(McMaster University),
Simran Singh2
Estimated H-index: 2
,
Christopher S. Parshuram22
Estimated H-index: 22
Abstract Purpose To describe satisfaction, involvement, presence, and preferences of parents following their child's admission to an intensive care unit (ICU). Methods A survey, administered 1 month after their child's ICU admission, described perceptions of parental satisfaction with their interaction with healthcare providers, their presence during resuscitation, involvement in treatment decision-making, and preferences if events were to be re-enacted. Results One hundred three parents of 91 p...
Published on Jan 1, 2013in Journal of Nursing Care Quality1.50
Rebecca Pankop1
Estimated H-index: 1
,
Karen Chang1
Estimated H-index: 1
+ 1 AuthorsTracy Spitzer1
Estimated H-index: 1
Family presence during resuscitation or invasive procedures is controversial, but research suggests multiple benefits. Professional organizations recommend developing family presence protocols; however, few hospitals have them. This integrative review examined research evidence regarding implemented
Martha A. Q. Curley33
Estimated H-index: 33
,
Elaine C. Meyer22
Estimated H-index: 22
+ 4 AuthorsPaul R. Hickey43
Estimated H-index: 43
Rationale: Parent presence during invasive procedures and/or resuscitation is a relatively underdeveloped and controversial practice. Much of the concern stems from the apprehension of the medical community.Objectives: To evaluate whether implementation of formal practice guidelines and corresponding interprofessional education would improve clinicians’ sense of preparation and comfort in providing parents with options during their children’s procedures.Methods: Multiphase pre–post survey of (1)...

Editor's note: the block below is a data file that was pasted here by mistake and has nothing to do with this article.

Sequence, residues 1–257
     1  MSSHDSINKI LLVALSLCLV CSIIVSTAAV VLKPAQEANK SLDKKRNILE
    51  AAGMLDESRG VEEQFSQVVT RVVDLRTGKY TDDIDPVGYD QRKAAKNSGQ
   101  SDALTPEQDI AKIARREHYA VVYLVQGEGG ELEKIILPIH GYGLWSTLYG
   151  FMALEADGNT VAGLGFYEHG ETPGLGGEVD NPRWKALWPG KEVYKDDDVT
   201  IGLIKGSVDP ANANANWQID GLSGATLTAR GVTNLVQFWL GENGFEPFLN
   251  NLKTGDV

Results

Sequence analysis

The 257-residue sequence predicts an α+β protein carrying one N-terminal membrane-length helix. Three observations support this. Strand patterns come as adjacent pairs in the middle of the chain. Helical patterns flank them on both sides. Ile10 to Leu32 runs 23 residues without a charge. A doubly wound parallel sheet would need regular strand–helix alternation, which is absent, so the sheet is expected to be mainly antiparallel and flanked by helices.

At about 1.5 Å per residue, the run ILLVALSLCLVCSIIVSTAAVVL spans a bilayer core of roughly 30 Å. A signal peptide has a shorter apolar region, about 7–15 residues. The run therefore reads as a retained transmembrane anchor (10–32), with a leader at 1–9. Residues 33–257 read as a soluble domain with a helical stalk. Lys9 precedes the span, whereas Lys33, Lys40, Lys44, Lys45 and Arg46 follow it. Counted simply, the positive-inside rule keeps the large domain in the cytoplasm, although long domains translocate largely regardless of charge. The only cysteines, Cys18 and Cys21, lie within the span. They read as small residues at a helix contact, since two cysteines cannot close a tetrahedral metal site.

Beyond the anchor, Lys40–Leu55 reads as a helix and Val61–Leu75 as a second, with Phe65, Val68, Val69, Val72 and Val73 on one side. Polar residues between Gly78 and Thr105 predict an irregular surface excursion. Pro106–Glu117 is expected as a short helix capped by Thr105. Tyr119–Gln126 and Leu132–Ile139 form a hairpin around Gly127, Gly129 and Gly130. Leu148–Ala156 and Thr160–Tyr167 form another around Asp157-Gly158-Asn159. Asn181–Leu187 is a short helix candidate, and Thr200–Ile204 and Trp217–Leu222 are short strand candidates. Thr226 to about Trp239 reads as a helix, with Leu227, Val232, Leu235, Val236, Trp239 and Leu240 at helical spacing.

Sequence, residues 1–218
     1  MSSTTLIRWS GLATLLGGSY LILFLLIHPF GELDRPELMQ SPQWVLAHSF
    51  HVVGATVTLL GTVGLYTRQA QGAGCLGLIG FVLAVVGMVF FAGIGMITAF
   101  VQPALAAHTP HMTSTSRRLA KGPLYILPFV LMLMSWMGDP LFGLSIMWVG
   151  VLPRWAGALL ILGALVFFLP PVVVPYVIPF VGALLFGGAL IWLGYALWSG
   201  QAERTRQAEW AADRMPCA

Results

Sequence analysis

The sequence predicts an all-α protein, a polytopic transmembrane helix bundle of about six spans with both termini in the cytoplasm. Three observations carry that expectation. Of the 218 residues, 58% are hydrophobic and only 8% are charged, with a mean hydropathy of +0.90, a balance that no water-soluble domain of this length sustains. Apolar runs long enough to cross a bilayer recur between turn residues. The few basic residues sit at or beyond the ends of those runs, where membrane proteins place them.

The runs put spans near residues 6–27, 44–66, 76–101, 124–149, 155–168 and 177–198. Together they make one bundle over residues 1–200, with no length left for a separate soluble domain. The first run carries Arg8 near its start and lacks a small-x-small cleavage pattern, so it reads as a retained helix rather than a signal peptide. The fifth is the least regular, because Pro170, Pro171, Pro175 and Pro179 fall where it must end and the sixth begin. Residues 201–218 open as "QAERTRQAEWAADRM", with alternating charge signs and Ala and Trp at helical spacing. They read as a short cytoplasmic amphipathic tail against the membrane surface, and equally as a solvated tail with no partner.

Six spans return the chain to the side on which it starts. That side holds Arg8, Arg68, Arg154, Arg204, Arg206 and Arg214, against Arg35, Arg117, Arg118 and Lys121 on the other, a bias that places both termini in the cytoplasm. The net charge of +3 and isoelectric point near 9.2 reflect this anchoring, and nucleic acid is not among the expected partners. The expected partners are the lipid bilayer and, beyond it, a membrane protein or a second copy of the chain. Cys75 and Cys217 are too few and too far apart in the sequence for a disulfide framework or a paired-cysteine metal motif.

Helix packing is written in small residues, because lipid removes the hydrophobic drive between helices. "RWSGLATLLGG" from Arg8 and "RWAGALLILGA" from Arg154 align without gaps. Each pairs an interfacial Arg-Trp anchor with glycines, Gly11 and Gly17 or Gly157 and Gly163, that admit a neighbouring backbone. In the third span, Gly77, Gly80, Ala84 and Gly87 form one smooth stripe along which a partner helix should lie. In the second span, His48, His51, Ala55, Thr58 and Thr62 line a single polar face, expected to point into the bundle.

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Published on 2019in British journal of nursing
Leah Rosengarten (Northumbria University), Sasha Ban (Northumbria University)
Published on Jul 1, 2019in Journal of Pediatric Nursing
Stephanie Stewart (UI: University of Iowa), Stephanie A. Stewart
Abstract Purpose The purpose of this study was to elucidate the experiences of parents during their child's resuscitation in the hospital setting. Design and methods This qualitative descriptive study took place in a 280 bed children's hospital with parents whose children experienced resuscitation while they were present in the room or nearby. Semi-structured interviews were conducted between one and twelve months following a child's resuscitation. A rigorous thematic analysis was performed. Res...